Shabbat VaYigash Sinai Synagogue, Shabbat AM, December 19, 2015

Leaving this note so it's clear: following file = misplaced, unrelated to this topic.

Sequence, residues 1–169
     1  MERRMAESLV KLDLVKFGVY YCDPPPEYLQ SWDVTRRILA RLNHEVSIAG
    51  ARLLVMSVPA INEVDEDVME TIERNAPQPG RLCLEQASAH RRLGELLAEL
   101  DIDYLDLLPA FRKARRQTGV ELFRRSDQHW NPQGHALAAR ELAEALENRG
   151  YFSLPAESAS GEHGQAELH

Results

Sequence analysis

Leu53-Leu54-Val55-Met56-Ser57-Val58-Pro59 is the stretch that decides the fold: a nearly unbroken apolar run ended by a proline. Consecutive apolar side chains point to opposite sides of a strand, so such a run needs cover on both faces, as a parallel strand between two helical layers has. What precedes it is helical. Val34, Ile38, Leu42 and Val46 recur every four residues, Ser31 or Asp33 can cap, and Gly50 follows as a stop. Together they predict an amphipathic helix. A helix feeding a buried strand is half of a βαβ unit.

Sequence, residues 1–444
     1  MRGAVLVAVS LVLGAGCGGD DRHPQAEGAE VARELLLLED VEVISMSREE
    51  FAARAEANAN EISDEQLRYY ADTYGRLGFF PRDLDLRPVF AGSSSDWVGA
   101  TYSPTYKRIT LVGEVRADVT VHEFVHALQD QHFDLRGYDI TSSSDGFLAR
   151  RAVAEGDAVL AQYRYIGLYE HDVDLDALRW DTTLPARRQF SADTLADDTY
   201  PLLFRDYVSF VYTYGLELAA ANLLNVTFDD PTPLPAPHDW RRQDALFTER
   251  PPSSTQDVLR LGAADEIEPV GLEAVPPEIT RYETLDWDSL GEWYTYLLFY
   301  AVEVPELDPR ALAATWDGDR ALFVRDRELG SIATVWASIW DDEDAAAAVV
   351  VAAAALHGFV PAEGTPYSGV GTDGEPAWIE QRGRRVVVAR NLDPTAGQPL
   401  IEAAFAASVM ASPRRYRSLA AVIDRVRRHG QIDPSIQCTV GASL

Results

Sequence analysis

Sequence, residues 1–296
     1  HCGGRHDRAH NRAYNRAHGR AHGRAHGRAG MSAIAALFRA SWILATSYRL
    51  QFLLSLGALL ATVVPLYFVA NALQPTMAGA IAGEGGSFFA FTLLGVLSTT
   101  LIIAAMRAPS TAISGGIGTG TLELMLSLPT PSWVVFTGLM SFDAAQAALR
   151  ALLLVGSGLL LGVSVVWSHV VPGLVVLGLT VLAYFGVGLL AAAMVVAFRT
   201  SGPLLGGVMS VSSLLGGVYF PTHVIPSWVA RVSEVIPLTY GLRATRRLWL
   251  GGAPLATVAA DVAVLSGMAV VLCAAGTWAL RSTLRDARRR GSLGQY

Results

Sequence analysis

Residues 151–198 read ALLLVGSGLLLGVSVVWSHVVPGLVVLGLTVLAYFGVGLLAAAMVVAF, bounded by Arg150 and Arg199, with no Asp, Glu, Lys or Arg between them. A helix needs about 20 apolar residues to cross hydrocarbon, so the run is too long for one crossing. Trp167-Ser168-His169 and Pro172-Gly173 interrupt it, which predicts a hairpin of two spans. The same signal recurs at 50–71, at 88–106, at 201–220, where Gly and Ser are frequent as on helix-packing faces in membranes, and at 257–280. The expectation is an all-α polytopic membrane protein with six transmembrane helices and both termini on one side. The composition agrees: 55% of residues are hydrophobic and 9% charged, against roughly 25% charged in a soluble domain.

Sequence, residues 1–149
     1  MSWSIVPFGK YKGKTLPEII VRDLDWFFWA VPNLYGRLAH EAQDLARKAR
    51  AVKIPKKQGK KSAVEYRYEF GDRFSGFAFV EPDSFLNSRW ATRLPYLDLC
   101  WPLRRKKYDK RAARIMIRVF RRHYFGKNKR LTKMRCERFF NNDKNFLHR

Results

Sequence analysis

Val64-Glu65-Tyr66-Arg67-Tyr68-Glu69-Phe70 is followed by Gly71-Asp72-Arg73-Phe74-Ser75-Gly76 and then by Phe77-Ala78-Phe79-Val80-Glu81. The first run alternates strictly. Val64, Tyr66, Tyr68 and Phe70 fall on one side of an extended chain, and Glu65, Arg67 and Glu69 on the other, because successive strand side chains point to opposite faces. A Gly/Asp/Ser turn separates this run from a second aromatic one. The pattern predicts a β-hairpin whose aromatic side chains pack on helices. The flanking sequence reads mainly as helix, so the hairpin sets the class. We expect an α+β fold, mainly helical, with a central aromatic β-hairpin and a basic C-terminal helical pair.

Do you ever wonder where things come from - simple things? Like paper clips – who came up with this nifty little device to hold papers together? Before paper, parchment was rolled up, like our Torah scrolls. But after paper was developed, pages could be stacked. In order to hold them together holes were punched in the pages and tied with ribbon. This was a time consuming task and often caused the paper to rip. Next came pins to attach the pages but pins also tore the paper by making holes, and could rust onto paper. Paper attached with pins were also difficult to distribute and it made it hard to pick up. Paper fasteners came next in response to the need from banks and others institutions which required an object that could hold papers together that would not rust or rip the paper. The initial attempts were clips that gripped the paper which made it easy to pick up and fasten the papers together but still made punctures. Advances in the understanding of metallurgy allowed the for the creation of paper clips that could be made of steel wire that would maintain its original shape even as it was stretched so it would hold the papers firmly. Many attempts were made to create a bent wire clip and the paper clip as we know it today - the Gem- seems to have won out because of its aesthetic design. But even here changes were made to improve on the clips weaknesses – early versions slipped off too easily so a frictionalized Gem was created. My expertise in paper clip design comes from Duke University Professor of Engineering Henry Petroski’s The Evolution of Useful Things. He writes, “With paper clips as with all artifacts, any challenge to the long established standard will succeed only by calling attention to and overcoming the shortcoming of the Gem. The invention of a new paper clip will not occur in some amorphous dream world devoid of all artifacts save imaginative shapes and styles of bent wire or formed plastic. Rather any new clip will come out of the crowded past of reality which is littered with torn and jumbled papers and misshapen challengers to the Gem”. Petroski’s thesis about engineering is “Form follows failure”. The central idea behind this thesis is the form of made things is always subject to change in response to their real or perceived shortcomings, in response to their failures to function properly. On a human scale our Torah is a textbook study of the thesis “form follows failure”. From the beginnings of human procreation, brothers fail to get along. Often the sibling rivalry is exacerbated by parental choices. Cain kills Abel because God has chosen Abel’s sacrifice. Later on Ishmael and Isaac are forced apart by Sarah’s favoritism for her son. The next pair of brothers, Jacob and Esau share both parents but the favoring of Esau over Jacob by Isaac causes them to split. Eventually they reconcile but in the end the brothers go their own ways. Jacob, who has suffered because of parental favoritism, does not learn the lessons of his own pain and openly identifies the children of Rachel as his favorites. The brothers born of Leah and the concubines resent their father’s unequal distribution of love and attention. They act on their resentment by removing Joseph from their lives. Judah steps in to spare Joseph’s life by selling him into slavery. But this does not solve their problem. Jacob transfers his affections to Binyamin and the disappearance of Joseph seems to create a sense of mistrust between father and children. When the sons go to Egypt the first time in search of food, Jacob pointedly refuses to send Binyamin “lest a tragedy befall him”, hinting that danger lurks when Rachel’s children are left alone with their half brothers. The brothers recognize this failure. Each is suffering inside, guilt ridden and remorseful over their sinful act of hate and abandonment. We know this because the Torah allows us entry into their collective psyches – when the Egyptian vizier, Joseph in disguise, jails them on suspicion of being spies, they immediately acknowledge: “Alas, we are being punished on account of our brother, because we looked on at his anguish, yet paid no heed as he pleaded with us. That is why this distress has come upon us.” When Binyamin is framed for theft, Judah confesses to the Joseph’s representative: “What can we say to my lord? How can we plead, how can we prove our innocence? God has uncovered the crime of your servants.” He does not have to detail what the crime is for his brothers or for us the reader. The stage is now set however for an opportunity the brothers never considered - to rid themselves of Binyamin, father’s new pet, without guilt. The Egyptian vizier revealed their youngest brother’s kleptomania! But they have learned something in the 22 years since Joseph was sold -- hating one’s brother out of jealousy for parental affection is useless and harmful to all. They respond to their past failure by taking responsibility for each other. Judah is magnificent in his soliloquy. He is sure but respectful, he is forthright while acknowledging emotional pain. After generations of failure at achieving familial harmony, Judah arrives at an approach that brings healing by not allowing his personal pain and insult to keep him from doing that which is right. Rabbi David of Kotzk asked why did Judah repeat himself before the vizier, he had already promised at the end of last week’s parasha: We will be your slaves. And why does the Torah need to tell us “VaYigash elav Yehudah”, “Judah came close to him” for Judah was already standing in front of Joseph. Rabbi David of Kotsk’s explanation is that the word ‘elav’ in the passage “Judah came close to him” is self-referential. Judah came close to himself, he looked within, he recognized his own failings. He reviewed with this ruler why it was so necessary for Binyamin to return to his father by telling the story from the beginning. After reflecting on the tremendous pain Judah had caused his father in his life, he was able to speak his words with deeper and truer emotions. The Mei Shiloach, Rabbi Mordecai Yitzhak Leiner of Izbica, saw in Judah’s confession a sign of strength that comes out of failure: this is the power that God gave to the tribe of Judah that it should never despair. This is the meaning of Judah’s blessing “Crouching and lying low like a lion” even when it appears that the lion has become submissive, “Like the King of Beasts, who dare rouse him”? He is actually ready to strike. When in last week’s parashah Judah stated before this ruler, “We will be your slaves” it seemed as though he had given up. But then he mustered his courage and approached this powerful man speaking to him words that forced Joseph to admit who he was. For too many, confession of wrongdoing and error is a sign of weakness (witness the current leader in Republican party’s presidential race) but in fact the ability to redress past mistakes, to correct previous errors is the true sign of human strength. The Mei Shiloach continues: It is worthwhile to note that until this point the brothers and Judah thought they were facing a foreign potentate in whose hands was their fate. But after Joseph's revelation they realized that from the start they were never in any danger, for the conflict they were engaged in was with their brother... Likewise in the future when God redeems us from our exile, it will become apparent to us, that spiritually we were never in fact in exile, and no foreign nation ever ruled us, only God alone. When we think about our failings, about what makes us unhappy, we come to recognize ultimately it is about ourselves and not about others. Only when we work on ourselves, and contend with our own shortcomings are we able to function more satisfactorily, more harmoniously, more efficiently. But since there is no such thing as true perfection we must constantly work on persistent shortcomings. We build on our failures. Fail, Fail again, Fail better to paraphrase Samuel Beckett. And as Henry Petroski tells us Form follows failure, so too in our human development, form as in forming our human personalities, follows failure.